That said, Hilburn definitely did his homework and had access to the best sources possible. He interviewed Paul Simon himself for more than 100 hours (an experience which must have been fascinating) as well as Paul’s brother Eddie Simon, lifelong friend Bobby Susser, first wife Peggy Harper, second wife Carrie Fisher, record producer and engineer Roy Halee, manager Mort Lewis, close friend Lorne Michaels and a whole host of other friends, colleagues and collaborators. Hilburn even had access to Paul’s mother Belle’s unpublished reflections of her life and also spoke with people close to Paul’s first love, Kathy Chitty. There was really only one voice noticeably missing. Unfortunately it was probably one many people hoped to hear from. That voice, of course, would be that of Art Garfunkel.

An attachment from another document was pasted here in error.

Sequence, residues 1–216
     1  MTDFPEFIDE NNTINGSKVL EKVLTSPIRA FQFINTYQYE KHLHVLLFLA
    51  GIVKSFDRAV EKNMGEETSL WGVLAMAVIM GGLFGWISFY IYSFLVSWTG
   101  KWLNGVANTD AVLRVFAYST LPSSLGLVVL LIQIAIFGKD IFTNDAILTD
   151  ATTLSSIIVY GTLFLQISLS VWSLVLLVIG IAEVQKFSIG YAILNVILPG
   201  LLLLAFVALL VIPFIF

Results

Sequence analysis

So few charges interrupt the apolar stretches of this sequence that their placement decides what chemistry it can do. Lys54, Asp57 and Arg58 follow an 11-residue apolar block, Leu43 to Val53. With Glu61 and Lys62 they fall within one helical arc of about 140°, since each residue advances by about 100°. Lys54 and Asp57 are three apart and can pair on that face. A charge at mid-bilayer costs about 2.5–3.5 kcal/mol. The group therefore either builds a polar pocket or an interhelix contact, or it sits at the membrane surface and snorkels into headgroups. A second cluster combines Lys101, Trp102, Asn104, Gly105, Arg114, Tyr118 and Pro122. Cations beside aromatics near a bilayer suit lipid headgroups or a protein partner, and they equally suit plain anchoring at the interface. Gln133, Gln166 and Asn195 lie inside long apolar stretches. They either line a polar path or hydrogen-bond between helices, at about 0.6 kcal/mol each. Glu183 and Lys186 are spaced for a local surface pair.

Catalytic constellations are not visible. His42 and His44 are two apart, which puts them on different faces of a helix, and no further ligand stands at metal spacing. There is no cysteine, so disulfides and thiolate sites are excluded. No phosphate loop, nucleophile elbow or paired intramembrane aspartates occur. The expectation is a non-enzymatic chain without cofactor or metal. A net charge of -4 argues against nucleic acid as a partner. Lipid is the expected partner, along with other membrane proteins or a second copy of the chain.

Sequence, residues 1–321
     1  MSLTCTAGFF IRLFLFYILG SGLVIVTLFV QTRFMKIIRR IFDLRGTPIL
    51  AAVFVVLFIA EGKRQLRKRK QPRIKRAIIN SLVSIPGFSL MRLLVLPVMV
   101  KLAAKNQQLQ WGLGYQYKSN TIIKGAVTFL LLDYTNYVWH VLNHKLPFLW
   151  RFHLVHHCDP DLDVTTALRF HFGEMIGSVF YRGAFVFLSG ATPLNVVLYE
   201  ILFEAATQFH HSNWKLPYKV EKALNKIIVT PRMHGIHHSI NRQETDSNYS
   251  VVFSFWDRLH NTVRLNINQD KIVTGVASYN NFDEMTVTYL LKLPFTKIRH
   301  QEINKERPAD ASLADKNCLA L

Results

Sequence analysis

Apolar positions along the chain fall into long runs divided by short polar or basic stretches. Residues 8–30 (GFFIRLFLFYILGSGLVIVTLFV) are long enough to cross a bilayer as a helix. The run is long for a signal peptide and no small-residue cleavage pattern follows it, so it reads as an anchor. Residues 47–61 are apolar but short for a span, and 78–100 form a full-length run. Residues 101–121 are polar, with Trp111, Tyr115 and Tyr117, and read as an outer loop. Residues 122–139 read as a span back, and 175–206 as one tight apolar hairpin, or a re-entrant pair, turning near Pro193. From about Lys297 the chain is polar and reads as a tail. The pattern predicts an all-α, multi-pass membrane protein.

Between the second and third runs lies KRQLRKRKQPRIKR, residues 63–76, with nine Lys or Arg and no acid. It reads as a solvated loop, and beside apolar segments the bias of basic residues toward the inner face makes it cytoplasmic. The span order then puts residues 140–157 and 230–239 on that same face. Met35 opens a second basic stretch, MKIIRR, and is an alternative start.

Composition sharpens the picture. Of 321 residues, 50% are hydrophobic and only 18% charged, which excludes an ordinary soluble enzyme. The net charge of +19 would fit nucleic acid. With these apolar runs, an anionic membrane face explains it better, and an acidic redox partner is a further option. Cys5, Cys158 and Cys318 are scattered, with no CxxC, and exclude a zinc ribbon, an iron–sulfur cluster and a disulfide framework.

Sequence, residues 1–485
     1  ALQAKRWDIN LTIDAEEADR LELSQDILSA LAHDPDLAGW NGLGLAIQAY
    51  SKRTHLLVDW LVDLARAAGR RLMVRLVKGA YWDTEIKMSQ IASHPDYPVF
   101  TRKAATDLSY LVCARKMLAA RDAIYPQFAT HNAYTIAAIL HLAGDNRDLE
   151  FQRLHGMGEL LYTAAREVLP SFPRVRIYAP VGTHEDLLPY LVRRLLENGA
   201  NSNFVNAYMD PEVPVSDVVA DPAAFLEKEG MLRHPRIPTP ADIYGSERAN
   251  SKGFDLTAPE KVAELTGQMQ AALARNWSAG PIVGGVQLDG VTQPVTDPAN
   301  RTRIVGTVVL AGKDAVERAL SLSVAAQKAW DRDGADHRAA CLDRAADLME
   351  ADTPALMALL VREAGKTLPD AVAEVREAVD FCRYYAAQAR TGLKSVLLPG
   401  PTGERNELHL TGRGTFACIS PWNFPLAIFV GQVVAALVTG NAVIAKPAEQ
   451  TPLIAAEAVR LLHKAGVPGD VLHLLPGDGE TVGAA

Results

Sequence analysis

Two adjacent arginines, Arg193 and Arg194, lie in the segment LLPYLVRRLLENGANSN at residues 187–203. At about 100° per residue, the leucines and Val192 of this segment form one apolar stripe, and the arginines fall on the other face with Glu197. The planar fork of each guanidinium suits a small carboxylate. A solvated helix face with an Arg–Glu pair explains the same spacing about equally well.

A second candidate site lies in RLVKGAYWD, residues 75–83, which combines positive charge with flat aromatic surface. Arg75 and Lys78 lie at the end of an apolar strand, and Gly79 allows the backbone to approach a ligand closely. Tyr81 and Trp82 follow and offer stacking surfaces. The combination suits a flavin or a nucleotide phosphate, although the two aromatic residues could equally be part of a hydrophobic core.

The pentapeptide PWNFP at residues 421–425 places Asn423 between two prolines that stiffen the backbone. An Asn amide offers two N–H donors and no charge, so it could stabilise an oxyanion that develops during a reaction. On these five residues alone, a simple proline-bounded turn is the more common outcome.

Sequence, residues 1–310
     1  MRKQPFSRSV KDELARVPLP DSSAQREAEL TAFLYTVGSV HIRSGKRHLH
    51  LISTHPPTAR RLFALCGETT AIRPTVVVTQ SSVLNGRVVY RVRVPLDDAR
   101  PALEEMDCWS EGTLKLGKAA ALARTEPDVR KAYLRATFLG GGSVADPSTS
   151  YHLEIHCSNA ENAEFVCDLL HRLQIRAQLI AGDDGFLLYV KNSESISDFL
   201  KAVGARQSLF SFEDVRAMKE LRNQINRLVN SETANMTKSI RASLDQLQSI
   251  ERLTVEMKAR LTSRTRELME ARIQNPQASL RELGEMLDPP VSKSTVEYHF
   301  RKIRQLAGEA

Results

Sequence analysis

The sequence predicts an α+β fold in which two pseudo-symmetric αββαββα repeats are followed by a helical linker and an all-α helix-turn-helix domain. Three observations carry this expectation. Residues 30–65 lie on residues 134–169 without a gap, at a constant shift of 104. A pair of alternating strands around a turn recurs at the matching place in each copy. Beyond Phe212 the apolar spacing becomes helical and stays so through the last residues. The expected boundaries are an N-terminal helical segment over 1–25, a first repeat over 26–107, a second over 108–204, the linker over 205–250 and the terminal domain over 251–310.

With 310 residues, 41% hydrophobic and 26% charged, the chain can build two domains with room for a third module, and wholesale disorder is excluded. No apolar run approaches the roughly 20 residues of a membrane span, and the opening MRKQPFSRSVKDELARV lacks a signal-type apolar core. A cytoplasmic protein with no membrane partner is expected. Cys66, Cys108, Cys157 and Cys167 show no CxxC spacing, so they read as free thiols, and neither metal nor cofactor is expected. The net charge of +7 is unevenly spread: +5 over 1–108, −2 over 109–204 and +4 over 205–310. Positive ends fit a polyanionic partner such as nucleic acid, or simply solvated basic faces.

It’s a tricky situation. Paul Simon and Art Garfunkel are two names that naturally go together in the public consciousness, thanks to the enduring popularity of Simon and Garfunkel. These two childhood friends achieved musical success in the 1950s as teen rockers Tom and Jerry, but problems plagued their relationship early on. When the two eventually became one of the most famous and successful musical duos of all time, their names--for better or worse--became linked together forever. It has now been nearly fifty years since they went down their separate paths, but no matter how far apart they grow musically or how much they achieve as individual artists, they’ll likely always be compared to each other and the work they did as a duo. They’ll probably always be asked about and constantly reminded of each other. It’s almost not surprising that their relationship has appeared to have gone permanently sour. It’s not normal or healthy for any friendship to be subject to decades of public scrutiny--especially one with such intense feelings, strong personalities and as long of a history as theirs. Under this kind of scrutiny, the natural ups and downs of a private relationship through the years instead become a cycle of very public, very dramatic splits and reunions, with the press and public hanging on every word.